In late 2015 Virgin Pulse, one of the Virgin brand companies, approached us to help design and build an Apple Watch app to complement their existing health and fitness platform. Like most companies considering the Watch they had lots of questions. Why do we need a Watch app? What features should it have? How can we make it simple and useful? We helped Virgin find the answers.
We collaborated closely with the Pulse product team and Apple to design and build a Watch app that let users track their health habits simply and quickly. We made the app useful by ruthlessly cutting features that were not a great experience on the Watch. We prioritized and focused on features that were not just good on the Watch, but better there. In the end we created an award winning Watch app
The best software is simple and efficient. When creating a Watch app for the Virgin Pulse platform we drastically reduced the feature set so that only the essential remained. Here are some of the ways we did it:
• We reduced all Watch interactions to a single tap so that users could track their healthy habits in the fastest way possible. This increased overall use (and thus value) of the service.
• We removed dozens of screens from the Virgin Pulse iPhone and web app experiences that were inappropriate for the Watch’s small screen size. Screens for viewing long lists, managing content, or configuring settings ended up much more appropriate for larger screen sizes.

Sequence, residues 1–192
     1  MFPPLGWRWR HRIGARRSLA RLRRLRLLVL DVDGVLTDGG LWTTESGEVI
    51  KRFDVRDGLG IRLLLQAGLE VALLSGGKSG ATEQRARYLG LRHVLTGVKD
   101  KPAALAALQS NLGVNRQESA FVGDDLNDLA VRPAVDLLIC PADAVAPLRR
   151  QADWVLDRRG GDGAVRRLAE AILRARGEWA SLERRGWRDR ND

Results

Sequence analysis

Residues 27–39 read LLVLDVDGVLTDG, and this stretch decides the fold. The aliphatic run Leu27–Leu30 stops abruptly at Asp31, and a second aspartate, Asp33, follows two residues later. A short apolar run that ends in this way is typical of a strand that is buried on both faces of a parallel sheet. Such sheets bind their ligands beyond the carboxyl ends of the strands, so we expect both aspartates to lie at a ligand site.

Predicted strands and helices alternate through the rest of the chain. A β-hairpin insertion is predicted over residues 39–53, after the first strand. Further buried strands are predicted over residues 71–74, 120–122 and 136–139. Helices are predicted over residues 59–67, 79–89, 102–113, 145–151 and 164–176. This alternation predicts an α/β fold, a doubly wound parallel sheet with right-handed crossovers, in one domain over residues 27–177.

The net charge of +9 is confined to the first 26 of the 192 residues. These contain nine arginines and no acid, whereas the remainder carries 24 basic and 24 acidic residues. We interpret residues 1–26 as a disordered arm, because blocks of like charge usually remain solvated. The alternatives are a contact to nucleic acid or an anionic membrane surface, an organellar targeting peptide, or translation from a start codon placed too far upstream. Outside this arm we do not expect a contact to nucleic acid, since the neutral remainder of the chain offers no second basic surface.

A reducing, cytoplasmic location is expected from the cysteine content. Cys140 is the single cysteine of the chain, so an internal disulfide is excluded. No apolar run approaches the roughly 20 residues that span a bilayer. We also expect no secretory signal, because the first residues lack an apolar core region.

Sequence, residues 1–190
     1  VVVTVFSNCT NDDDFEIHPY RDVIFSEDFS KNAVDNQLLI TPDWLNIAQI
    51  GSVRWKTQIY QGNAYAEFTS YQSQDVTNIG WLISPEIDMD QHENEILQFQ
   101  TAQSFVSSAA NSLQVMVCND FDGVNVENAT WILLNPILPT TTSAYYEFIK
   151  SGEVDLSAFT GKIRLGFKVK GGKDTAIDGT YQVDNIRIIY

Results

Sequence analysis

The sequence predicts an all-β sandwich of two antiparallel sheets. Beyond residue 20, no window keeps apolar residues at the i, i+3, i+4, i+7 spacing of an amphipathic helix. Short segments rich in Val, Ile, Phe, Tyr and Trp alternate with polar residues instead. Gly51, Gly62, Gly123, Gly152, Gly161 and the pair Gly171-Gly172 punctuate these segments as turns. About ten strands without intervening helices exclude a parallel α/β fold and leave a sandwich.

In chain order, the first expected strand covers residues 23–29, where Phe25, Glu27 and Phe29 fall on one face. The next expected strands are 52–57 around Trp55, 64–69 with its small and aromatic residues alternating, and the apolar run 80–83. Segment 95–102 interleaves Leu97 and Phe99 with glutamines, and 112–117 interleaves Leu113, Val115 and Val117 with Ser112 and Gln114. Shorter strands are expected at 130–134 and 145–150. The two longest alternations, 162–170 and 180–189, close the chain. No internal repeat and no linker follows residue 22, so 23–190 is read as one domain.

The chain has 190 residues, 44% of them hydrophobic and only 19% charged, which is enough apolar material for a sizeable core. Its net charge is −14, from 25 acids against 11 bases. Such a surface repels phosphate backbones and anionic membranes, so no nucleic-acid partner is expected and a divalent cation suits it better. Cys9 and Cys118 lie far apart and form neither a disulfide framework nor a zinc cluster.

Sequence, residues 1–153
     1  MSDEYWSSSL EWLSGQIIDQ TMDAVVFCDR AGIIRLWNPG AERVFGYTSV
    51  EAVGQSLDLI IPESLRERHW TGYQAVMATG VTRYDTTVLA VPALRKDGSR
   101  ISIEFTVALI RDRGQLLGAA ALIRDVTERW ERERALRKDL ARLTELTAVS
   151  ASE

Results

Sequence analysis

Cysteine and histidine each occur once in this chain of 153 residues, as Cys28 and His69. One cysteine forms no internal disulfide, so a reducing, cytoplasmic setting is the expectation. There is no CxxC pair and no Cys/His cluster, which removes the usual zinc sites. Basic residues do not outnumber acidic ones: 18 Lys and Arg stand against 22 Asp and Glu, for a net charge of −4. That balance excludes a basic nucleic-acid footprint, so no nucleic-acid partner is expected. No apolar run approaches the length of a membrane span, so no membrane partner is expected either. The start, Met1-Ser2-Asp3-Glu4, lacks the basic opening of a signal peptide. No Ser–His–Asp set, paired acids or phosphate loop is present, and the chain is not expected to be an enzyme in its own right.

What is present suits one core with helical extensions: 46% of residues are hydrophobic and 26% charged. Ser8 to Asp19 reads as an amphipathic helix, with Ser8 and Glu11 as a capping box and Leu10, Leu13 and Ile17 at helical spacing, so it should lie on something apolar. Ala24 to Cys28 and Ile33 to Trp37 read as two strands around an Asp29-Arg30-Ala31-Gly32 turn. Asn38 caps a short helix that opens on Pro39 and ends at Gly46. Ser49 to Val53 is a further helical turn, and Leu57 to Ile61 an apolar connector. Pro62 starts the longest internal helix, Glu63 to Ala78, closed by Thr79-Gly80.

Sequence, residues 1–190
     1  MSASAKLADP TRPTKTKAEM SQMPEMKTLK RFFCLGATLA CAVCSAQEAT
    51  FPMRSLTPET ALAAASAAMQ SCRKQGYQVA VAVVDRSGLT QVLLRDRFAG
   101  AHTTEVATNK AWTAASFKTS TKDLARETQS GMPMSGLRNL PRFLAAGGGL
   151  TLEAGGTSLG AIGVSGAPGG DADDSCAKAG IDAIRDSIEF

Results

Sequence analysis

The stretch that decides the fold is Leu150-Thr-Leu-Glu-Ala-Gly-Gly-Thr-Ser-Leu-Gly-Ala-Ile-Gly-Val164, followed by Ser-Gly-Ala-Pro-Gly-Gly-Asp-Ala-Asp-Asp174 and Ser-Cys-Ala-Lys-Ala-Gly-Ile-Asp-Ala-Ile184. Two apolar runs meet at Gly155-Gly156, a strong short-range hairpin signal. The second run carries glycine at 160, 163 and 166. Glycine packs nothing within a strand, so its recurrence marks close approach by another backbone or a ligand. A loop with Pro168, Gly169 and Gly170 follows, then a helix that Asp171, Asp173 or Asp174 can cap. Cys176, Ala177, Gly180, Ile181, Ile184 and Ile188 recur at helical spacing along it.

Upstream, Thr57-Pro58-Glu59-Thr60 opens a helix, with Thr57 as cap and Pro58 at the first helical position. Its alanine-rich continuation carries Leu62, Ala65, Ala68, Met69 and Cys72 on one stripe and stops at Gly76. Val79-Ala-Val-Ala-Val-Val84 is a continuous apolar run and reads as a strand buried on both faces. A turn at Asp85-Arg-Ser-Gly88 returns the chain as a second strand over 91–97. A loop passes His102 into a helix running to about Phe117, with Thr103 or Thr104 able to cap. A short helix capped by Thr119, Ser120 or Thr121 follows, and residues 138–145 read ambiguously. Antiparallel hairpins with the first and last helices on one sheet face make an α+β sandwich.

• We ended up with a three-screen app…really! By focusing on a minimal set of actions and taking advantage of Apple’s built-in screens we ended up with an experience that looks and feels simple and lightweight.
Designing for the Watch is not easy. A tiny screen, on a faraway wrist, that needs to communicate with an iPhone to work. A major challenge of this project was about overcoming these design and engineering constraints. We minimized communication between the Watch and the iPhone at every chance to keep the app as fast as possible. Speed is a feature! We did this in several ways:
• We lazy-loaded avatars on the leaderboard screen so users could start reading text instantly while graphics loaded more slowly in the background.
• We redesigned screens to assume success, refreshing instantly for users while the app sent updates to the phone in the background.
• We implemented Apple’s handoff technology to allow users to jump over to their iPhone when they did want to dig deeper into a specific part of the app.
It was clear from talking with folks at Apple that they see the Watch as a notifications platform for what’s most important during the day. We supported this idea in several ways:
• We created a timing system so notifications were contextual. For example, we prompted users about how they slept soon after they wake up. This minimized distraction.
• We made most notifications a simple choice so users could immediately respond without opening the full app. We optimized each notification to be as simple as possible, knowing that people will be using the app while walking or running.
• We color coded notifications to the same palette used on the iPhone and web app so that there is continuity across all three platforms.